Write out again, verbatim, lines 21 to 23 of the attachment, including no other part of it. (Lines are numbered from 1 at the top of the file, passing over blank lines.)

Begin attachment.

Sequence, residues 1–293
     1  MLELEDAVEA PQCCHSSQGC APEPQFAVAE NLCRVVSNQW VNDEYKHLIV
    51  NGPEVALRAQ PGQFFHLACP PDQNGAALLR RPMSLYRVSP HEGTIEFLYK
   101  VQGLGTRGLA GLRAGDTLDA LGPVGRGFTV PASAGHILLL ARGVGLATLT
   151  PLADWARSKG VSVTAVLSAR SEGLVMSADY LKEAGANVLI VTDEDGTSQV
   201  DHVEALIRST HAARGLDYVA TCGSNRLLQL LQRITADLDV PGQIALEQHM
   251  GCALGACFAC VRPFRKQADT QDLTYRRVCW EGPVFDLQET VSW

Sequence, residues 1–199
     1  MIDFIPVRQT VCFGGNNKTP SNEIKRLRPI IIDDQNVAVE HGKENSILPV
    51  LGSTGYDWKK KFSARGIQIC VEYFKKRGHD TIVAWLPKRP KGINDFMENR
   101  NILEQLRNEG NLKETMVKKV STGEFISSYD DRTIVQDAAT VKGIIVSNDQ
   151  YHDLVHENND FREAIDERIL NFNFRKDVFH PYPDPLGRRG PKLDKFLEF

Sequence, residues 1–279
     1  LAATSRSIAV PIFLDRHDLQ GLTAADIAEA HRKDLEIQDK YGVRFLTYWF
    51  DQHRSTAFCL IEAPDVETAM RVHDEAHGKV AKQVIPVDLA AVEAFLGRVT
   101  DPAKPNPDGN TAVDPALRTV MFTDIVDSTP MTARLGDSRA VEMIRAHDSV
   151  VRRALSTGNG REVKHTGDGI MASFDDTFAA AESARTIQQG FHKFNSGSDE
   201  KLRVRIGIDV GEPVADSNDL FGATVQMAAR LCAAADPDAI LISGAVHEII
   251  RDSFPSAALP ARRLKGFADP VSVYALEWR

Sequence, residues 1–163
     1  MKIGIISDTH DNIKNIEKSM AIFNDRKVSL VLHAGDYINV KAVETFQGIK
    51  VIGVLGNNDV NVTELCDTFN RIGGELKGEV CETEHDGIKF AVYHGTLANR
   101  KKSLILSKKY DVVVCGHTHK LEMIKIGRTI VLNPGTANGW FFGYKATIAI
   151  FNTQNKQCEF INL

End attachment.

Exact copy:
     1  MKIGIISDTH DNIKNIEKSM AIFNDRKVSL VLHAGDYINV KAVETFQGIK
    51  VIGVLGNNDV NVTELCDTFN RIGGELKGEV CETEHDGIKF AVYHGTLANR
   101  KKSLILSKKY DVVVCGHTHK LEMIKIGRTI VLNPGTANGW FFGYKATIAI